Symptoms of ovarian cancer

Ovarian cancer is notoriously difficult to detect. There is no effective screening test for this disease. You know best what’s normal for you and your body.

Some common symptoms of ovarian cancer may include: bloating, abdominal/pelvic pain or discomfort, difficulty eating or feeling full quickly, and urinary changes. Less common symptoms may include: changes to bowel habits, nausea, fatigue, unexplained weight loss, bleeding after menopause, menstrual irregularities, back pain, indigestion, pain with intercourse, and bleeding after sex.

Symptoms of ovarian cancer

Symptoms of ovarian cancer can include

It is important to speak to your doctor if you notice any symptoms that are new to you and that persist for three weeks or longer.

It is very important to note that these symptoms do not mean that you have ovarian cancer. You are your own best advocate and it is important to seek medical care if you are experiencing any symptoms that are:

  • New – they are not normal for you and may have started in the last year
  • Persistent – they have been present for more than 3 weeks
  • Frequent – you notice the symptoms happen frequently

In many cases of ovarian cancer, no symptoms are experienced.


How to detect ovarian cancer

If ovarian cancer is suspected, you should be referred to a gynecologic oncologist for diagnosis through surgical biopsy. Your surgery must be performed by a gynecologic oncologist, as these doctors are specialized in ovarian cancer.

Research has shown that when surgery is performed by a gynecologic oncologist instead of another physician, the patient’s outcomes are improved.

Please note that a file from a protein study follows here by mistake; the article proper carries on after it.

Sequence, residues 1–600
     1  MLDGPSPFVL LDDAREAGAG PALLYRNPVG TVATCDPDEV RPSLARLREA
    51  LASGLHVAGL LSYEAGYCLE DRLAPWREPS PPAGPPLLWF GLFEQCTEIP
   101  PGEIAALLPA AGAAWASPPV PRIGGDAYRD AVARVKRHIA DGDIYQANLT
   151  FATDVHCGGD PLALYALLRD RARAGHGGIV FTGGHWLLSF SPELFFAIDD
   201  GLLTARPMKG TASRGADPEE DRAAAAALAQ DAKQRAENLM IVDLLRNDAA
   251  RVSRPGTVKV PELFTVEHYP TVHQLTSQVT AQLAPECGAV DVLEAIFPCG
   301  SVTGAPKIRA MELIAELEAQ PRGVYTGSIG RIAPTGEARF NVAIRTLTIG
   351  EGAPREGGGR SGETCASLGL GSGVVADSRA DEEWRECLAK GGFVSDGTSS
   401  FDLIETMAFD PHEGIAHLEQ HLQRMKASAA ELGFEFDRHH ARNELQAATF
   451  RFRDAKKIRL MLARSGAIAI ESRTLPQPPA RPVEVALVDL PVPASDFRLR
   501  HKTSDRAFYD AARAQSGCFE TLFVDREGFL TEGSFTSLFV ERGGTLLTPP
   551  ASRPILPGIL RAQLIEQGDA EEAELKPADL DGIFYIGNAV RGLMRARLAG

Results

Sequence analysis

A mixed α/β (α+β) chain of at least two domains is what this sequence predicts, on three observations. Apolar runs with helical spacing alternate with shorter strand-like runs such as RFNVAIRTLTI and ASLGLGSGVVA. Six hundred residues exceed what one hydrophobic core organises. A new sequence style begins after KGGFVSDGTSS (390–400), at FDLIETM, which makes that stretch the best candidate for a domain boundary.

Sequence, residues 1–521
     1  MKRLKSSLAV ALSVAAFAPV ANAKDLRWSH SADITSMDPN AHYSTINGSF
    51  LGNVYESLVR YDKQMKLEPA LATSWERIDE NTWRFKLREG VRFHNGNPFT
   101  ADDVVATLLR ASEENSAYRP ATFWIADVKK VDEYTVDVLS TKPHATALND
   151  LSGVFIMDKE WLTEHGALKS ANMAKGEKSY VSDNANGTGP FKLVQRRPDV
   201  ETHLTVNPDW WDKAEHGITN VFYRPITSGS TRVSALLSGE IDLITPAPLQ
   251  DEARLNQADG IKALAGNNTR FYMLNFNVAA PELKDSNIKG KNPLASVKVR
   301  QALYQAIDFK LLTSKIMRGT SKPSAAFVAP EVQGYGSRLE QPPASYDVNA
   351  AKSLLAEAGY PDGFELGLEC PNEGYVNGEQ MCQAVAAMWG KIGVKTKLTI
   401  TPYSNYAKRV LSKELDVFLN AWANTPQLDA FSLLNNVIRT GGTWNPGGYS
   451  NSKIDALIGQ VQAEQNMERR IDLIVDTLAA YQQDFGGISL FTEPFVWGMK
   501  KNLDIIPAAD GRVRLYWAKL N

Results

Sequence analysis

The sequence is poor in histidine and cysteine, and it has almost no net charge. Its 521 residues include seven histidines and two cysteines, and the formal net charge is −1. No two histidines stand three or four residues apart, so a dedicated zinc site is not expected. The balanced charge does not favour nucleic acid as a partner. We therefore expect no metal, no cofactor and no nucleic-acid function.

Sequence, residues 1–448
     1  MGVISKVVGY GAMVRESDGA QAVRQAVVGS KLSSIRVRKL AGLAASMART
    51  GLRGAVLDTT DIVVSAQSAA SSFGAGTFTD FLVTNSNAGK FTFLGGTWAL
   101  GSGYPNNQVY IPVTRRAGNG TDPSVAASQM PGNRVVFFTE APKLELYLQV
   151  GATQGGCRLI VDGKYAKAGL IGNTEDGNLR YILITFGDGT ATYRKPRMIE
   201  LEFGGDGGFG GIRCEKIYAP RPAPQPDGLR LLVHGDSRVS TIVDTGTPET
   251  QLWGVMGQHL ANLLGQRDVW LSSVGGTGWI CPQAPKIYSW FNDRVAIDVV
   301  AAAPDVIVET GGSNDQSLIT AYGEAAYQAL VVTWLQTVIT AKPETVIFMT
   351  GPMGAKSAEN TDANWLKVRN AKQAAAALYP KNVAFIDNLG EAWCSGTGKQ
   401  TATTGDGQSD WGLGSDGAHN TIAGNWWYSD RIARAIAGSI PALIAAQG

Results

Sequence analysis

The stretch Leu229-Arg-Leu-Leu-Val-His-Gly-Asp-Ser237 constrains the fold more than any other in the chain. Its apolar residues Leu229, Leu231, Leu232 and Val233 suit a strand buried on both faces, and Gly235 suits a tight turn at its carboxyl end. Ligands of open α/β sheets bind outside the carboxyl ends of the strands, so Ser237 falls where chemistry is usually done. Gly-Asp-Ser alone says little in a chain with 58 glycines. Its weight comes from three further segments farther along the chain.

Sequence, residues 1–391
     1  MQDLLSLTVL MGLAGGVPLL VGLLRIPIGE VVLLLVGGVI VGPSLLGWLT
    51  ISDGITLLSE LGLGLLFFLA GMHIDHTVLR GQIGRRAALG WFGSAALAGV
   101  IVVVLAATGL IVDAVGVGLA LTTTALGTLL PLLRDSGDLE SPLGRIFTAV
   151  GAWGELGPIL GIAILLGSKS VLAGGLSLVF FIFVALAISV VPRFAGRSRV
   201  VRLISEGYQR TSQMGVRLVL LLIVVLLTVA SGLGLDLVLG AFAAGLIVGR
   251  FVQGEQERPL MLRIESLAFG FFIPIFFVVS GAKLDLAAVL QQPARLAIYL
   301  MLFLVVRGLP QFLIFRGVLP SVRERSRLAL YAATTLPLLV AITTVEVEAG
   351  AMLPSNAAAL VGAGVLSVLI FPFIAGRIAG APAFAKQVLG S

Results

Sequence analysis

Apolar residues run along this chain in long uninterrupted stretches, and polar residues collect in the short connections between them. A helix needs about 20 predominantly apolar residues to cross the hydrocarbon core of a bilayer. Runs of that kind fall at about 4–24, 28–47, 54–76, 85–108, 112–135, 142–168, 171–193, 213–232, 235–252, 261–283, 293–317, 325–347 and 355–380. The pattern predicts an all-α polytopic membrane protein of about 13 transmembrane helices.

If ovarian cancer is confirmed with surgical biopsy, your medical team will determine the subtype, grade, and stage of the cancer. This information will help you and your medical team in determining the best course of treatment for you.

Ask questions, you are your own best advocate

In all phases of your diagnosis and treatment, discuss the results with your doctor. Ask questions, write down the responses, and ask your doctor to clarify anything you don’t understand. If you can, bring someone with you to your appointments, such as a family member or close friend, to help listen and understand the information you are being provided. You can even ask your doctor if you can audio record the conversation (for example, using your mobile phone), so that you can listen again later if you forget anything.

Be sure to also discuss any relevant risk factors for ovarian cancer with your doctor.

Getting a second opinion

A diagnosis of ovarian cancer may be overwhelming. You should be comfortable with your treatment plan. You may want a second opinion to confirm your doctor's recommendations. It's your right to seek a second opinion.

Depending on where you are during your diagnosis and treatment, either your own family doctor or the gynecologic oncologist can refer you for a second opinion.